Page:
$2.4 Million Grant for USU to Track Students from Grad School to Labor Market


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Dr. David Feldon, a professor in the Instructional Technology and Learning Sciences Department at Utah State University, was awarded over $2.4 million from the National Science Foundation on June 1, 2018. The purpose of the grant is to study the factors that influence career trajectories of PhD students in the biological sciences. The grant will be used by Utah State University under the direction Dr. David Feldon in collaboration with Dr. Josipa Roksa from the University of Virginia, and Dr. Kimberly Griffin from the University of Maryland.

"It is always exciting when a grant proposal is funded," Dr. Feldon explained, "However, in this case, it was also very satisfying, because the award is a direct endorsement of the work we generated over the first four years of the study." 

This research will add to previously longitudinal data collected. "This project is an extension of our earlier endeavor," said Dr. Roksa. "We started tracking over 300 biology Ph.D. students from the time they entered their Ph.D. programs in the fall of 2014 through the first four years of doctoral education."

The researchers will continue the study of 286 biology graduate students who began their PhD programs in 2014. Feldon, Roksa, and Griffin hope to uncover to what extent graduate research training and professional goals influence the success of these students as they transition into their postdoctoral work and early research careers. They will also examine how demographic data such as race and gender influence their career results.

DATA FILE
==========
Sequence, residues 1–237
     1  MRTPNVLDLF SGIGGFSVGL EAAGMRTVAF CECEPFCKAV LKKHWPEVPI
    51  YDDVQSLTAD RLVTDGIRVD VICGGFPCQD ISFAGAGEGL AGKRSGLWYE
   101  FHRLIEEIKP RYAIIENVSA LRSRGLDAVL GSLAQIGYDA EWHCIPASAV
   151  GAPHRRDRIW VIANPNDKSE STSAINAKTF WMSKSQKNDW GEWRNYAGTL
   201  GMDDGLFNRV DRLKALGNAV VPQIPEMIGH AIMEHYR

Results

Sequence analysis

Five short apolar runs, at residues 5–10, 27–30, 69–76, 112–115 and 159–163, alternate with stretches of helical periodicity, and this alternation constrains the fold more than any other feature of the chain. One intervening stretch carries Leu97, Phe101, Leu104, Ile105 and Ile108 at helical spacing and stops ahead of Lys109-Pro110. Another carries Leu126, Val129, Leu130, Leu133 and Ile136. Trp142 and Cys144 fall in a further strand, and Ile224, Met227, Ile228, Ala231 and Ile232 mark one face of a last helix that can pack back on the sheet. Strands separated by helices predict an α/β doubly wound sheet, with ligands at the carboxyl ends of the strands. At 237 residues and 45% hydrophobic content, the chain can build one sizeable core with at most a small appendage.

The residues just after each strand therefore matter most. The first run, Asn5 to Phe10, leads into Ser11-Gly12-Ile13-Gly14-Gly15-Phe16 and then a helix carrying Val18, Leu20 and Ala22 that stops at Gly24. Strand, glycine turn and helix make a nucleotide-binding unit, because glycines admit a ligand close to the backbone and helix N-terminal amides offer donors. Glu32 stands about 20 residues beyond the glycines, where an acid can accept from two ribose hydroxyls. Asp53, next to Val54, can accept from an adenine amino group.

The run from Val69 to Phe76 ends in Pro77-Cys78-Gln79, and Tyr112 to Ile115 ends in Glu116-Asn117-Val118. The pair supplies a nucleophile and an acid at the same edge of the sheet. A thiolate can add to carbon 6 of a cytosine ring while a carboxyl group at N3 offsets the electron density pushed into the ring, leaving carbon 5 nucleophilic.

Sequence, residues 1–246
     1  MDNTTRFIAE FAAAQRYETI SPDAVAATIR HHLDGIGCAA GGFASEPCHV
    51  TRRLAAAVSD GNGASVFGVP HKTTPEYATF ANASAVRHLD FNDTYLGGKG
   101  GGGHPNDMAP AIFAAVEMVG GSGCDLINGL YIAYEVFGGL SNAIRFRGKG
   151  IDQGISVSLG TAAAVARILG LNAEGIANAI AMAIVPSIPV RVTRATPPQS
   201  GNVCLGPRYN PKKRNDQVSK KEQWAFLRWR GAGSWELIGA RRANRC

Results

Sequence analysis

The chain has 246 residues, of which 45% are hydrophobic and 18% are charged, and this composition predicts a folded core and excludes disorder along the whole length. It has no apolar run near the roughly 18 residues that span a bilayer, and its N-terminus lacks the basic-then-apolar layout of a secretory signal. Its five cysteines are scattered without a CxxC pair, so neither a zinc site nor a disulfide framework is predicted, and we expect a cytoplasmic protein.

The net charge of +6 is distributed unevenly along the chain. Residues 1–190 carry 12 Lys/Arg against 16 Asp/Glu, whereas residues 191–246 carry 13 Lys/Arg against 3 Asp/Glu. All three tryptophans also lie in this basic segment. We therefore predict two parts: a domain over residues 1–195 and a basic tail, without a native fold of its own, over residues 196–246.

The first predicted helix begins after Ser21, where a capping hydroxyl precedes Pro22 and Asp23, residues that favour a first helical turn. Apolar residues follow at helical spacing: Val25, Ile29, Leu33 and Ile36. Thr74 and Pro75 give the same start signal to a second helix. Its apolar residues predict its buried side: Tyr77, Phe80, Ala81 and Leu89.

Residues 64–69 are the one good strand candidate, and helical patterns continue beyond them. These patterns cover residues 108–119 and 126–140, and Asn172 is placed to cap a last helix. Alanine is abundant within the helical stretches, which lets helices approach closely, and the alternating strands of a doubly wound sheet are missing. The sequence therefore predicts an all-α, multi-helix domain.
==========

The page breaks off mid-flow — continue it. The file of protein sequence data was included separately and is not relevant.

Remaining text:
According to the grant submission project summary, the "understanding of early career research trajectories in biological sciences [is] a critical but surprisingly understudied area." The researchers believe the impact of the study will be to "meaningfully inform—and perhaps reform—policies and practices for the preparation and retention of the future research workforce in the biological sciences."

“We don’t know much about career development for graduate students generally, and scientist in particular,” explained Dr. Griffin. 

"For the first time, we will be able to follow trajectories of students from the start of graduate school into the labor market," Dr. Roksa emphasized.

"We wanted to shift our focus somewhat as students began to move into dissertation research and from there out into the workforce so that we could better understand the complex relationships between graduate training experiences, individual expertise, and career trajectories," Dr. Feldon said.

Dr. Roksa's work focuses on inequality in higher education. She said this research will help those involved understand how to "ensure that all students, regardless of race, gender, or family resources, can be successful in their pursuits."

Dr. Griffin work on the grant will focus on answering the “how’s and why’s behind the research questions.” She explained those answers do not fully come from the numbers. “I am leading the qualitative portion of the study,” Dr. Griffin said, “which adds texture and nuance to the work and our quantitative data analyses.”

Dr. Roksa and Dr. Feldon worked together at the University of Virginia where Dr. Feldon worked prior to coming to Utah State. Dr. Griffin was asked to collaborate last year because of her expertise in postdoctoral and early career research transitions. “One day I got an email inviting me to have a conversation about their research,” said Dr. Griffin. “I was hooked immediately!” 

Dr. Feldon focuses on the development of research skills within STEM disciplines as a function of instruction and other educational support mechanisms. Late last year, Dr. Feldon’s research from his previous research with Dr. Roksa found that PhD bootcamps had no affect in promoting long-term success.

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